John Yates: The Prime Minister's Chief Of Staff Blocked David Cameron Being Briefed On Phone Hacking
The prime minister’s chief of staff Ed Llewellyn was the Number 10 official who blocked David Cameron being briefed on "police protocol" surrounding the phone hacking case, John Yates told MPs today.
He said that Llewellyn had sent an email in September 2010.
“It was a very brief email exchange and Ed, for whatever reason, and I completely understand it, didn’t think it was appropriate for him, the prime minister or anyone else at Number 10 to discuss this issue … Very simple, I can understand it in some sense.”
In a move that will lead to questions about Llewellyn’s position, Yates gave his name when asked about a previous statement by Sir Paul Stephenson that a Downing Street staffer had indicated the prime minister should not be told about the police’s involvement with Neil Wallis
During an evidence session at the Home Affairs Select Committee, Yates was repeatedly pressed on his relationship with Neil Wallis, the arrested former News of the World deputy editor who he admitted was a “friend”.
Yates said he had received “categorical assurances” from Wallis that his later appointment to the police as a PR consultant would not embarrass the force.
“I sought assurances off Mr Wallis before the contract was let," he said.
“It was a conversation, I made a contemporaneous record of it because I thought it was relevant.”
He also said he was not guilty of any wrongdoing when it came to the employment of Neil Wallis’ daughter, an action he is being investigated by the Independent Police Complaints Commission for.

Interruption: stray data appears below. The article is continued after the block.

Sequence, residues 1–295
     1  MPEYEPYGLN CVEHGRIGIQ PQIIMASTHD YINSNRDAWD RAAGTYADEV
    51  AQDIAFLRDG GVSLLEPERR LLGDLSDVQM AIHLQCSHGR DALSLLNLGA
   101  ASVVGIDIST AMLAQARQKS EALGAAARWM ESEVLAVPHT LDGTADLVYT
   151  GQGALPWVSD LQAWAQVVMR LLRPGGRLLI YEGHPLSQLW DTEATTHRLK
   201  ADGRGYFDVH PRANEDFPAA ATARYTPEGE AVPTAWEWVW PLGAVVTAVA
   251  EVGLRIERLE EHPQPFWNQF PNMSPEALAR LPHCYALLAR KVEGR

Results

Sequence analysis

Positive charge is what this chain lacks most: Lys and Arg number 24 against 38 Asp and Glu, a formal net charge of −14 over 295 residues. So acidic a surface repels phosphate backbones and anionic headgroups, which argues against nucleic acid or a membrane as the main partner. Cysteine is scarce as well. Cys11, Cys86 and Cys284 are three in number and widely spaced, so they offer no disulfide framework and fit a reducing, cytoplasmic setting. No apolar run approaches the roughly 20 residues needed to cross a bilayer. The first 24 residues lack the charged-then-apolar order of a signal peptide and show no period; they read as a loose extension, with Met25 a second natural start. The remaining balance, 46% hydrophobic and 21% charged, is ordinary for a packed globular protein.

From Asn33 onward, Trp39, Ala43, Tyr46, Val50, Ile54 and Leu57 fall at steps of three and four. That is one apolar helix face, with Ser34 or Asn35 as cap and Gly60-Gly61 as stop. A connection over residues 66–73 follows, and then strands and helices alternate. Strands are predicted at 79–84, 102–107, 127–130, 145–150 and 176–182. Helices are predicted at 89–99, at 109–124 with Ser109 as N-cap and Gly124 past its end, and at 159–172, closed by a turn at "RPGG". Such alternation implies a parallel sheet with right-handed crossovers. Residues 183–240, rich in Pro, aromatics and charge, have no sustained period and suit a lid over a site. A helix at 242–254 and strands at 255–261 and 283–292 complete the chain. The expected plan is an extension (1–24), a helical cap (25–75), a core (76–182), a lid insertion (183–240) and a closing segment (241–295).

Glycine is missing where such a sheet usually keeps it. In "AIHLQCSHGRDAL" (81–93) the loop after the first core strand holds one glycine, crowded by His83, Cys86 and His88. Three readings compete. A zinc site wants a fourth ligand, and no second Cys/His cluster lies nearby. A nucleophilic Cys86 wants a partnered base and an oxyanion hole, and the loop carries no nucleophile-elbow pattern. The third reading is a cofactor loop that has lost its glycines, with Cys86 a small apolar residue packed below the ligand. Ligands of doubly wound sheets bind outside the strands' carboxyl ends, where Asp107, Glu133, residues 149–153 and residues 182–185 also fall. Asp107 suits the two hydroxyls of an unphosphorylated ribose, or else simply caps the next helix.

“I have done nothing wrong. I was a postbox. I was a postbox for a CV from Mr Wallis' daughter.”
He said he had merely passed on her CV to human resources at a time when he had nothing to do with the phone hacking case, in January 2009.
“It happens all the time… I had absolutely nothing to do with her employment,” he said.
Yates categorically denied any wrongdoing when pressed by MPs for the second time in a week over the phone hacking scandal.
The Metropolitan police assistant commissioner, who resigned yesterday, told MPs:
“I’m accountable for what’s taken place on my watch. I firmly believe I’ve done nothing wrong … But it is time to stand up and be counted and that is what I’ve done.”
Number 10 have since defended Llewellyn, releasing the entire email exchange, where he wrote to Yates:
"So I don't think it would really be appropriate for the PM, or anyone else at No 10, to discuss this issue with you, and would be grateful if it were not raised please."
However Labour seized on the admission, with shadow home secretary Yvette Cooper saying:
“This shows that David Cameron's misjudgement in appointing Andy Coulson created serious problems at the heart of the Government forcing senior Downing Street officials and the head of the Metropolitan Police to keep important information from the elected Prime Minister because of concerns that he was or could become compromised.”